Sonoma County and the North Bay would benefit from the increased investment in public works contained in Gov. Jerry Brown's $150 billion proposed budget unveiled last month.
Accompanying the Democratic governor's spending blueprint is a five-year capital project spending plan — the first since 2008.
Although $53 billion of the $57 billion earmarked between now and 2019 would be devoted to streets, roads, highways and high-speed rail, the plan specifically mentions improvements to the state hospital in Napa and the Veterans Home in Yountville.
Other capital needs at North Bay state parks and other facilities could also be included once the plan is finalized.
Brown also sets aside an additional $815 million in one-time funds for the fiscal year that begins July 1 for deferred maintenance projects, which has lagged during the state's cash-starved budgets of the past decade.
“It's important to focus attention on the infrastructure we've got to make sure it has the longest useful life possible, which helps reduce the need to build more expensive new facilities,” said H.D. Palmer, spokesman for the state Department of Finance.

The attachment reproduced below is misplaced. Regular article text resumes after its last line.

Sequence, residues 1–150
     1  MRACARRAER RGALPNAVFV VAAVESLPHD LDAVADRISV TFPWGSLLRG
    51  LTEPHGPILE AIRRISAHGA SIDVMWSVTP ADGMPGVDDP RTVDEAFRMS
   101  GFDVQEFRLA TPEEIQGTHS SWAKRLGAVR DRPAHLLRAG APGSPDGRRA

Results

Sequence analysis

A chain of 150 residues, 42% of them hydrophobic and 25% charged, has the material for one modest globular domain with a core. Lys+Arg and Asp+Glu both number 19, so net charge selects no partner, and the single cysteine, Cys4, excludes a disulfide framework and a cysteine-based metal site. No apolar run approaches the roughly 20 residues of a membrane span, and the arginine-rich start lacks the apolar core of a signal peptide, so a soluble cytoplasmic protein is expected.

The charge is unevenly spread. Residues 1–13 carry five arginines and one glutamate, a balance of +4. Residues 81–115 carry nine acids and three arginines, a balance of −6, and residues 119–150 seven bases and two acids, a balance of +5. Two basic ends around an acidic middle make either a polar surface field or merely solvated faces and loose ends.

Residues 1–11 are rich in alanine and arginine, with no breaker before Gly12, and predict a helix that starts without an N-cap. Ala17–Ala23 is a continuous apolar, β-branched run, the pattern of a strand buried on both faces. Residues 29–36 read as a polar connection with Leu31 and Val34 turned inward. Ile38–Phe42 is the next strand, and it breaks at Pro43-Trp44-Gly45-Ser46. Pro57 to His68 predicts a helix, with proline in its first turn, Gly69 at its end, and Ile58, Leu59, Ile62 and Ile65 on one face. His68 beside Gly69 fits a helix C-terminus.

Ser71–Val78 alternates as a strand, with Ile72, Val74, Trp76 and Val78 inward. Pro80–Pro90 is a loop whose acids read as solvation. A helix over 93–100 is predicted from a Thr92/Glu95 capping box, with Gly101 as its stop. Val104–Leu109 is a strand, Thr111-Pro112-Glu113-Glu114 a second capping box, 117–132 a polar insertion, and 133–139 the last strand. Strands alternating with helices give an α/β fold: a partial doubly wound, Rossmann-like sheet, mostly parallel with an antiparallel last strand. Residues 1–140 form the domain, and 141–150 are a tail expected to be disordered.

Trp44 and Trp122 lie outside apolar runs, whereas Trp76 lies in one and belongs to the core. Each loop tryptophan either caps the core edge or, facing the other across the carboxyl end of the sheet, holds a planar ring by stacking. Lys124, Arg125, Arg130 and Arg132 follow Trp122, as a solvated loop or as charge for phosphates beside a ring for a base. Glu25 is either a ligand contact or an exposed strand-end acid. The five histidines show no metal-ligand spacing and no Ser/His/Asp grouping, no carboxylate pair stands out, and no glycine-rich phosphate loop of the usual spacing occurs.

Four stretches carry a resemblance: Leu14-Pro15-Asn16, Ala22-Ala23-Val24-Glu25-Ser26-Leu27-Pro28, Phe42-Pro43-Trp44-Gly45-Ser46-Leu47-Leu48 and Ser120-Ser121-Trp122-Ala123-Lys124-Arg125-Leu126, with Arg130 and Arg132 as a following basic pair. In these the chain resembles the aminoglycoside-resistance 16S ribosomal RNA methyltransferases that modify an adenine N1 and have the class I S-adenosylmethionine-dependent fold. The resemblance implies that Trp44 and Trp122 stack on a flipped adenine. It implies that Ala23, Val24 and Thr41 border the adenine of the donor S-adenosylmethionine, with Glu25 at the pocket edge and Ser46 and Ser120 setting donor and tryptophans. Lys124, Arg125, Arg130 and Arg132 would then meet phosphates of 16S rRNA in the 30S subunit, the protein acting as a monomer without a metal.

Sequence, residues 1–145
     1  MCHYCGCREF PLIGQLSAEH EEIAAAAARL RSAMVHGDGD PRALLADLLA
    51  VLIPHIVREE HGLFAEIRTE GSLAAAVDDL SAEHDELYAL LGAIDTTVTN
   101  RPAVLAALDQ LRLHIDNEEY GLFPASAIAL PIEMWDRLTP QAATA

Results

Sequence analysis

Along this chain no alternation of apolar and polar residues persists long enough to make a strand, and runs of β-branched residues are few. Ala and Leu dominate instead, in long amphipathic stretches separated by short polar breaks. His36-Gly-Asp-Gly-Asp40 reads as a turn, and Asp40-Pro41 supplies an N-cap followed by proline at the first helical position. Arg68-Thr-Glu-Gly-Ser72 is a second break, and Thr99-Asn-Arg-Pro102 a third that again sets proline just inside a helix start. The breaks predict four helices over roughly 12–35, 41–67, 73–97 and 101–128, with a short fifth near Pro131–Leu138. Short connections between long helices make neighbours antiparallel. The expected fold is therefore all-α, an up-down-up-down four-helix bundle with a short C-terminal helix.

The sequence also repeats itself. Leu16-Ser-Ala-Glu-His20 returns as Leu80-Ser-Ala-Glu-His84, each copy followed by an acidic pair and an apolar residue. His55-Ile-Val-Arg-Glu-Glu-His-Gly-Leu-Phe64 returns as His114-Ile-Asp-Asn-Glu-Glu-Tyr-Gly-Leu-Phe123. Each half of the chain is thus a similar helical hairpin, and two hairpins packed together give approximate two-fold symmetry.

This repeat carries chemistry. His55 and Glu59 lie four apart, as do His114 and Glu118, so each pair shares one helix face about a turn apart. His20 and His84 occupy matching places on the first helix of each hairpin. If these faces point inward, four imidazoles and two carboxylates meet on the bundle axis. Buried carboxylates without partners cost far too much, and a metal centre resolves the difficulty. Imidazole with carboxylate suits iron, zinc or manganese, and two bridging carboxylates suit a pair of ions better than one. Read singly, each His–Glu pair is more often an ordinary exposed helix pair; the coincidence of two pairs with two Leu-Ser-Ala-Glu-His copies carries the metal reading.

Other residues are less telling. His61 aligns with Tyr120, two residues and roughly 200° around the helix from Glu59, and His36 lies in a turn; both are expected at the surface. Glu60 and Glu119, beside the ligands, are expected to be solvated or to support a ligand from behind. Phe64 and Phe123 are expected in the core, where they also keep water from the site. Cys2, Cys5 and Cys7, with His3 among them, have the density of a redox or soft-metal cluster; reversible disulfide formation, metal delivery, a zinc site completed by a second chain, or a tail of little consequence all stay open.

The $815 million includes everything from overpasses and border checkpoints to classrooms and armories. Like Brown's five-year public works plan, the bulk of the deferred maintenance money — $337 million — is spent on the state's transportation system.
Of that money, $100 million would be sent to cities and counties for street and road maintenance and repairs. The State Controller estimates that Sonoma County would get nearly $840,000 under the various formulas used to divvy up the money. Napa County would receive $285,000 and Lake and Mendocino counties would get $185,000 and $253,000, respectively. Santa Rosa would receive $260,000.
The governor's five-year capital plan mirrors the multi-year spending plans adopted by the state Transportation Commission in 2012. Brown's plan also doesn't affect local transportation project priorities established through half-cent sales tax increases like Measure M, adopted by Sonoma County voters in 2004.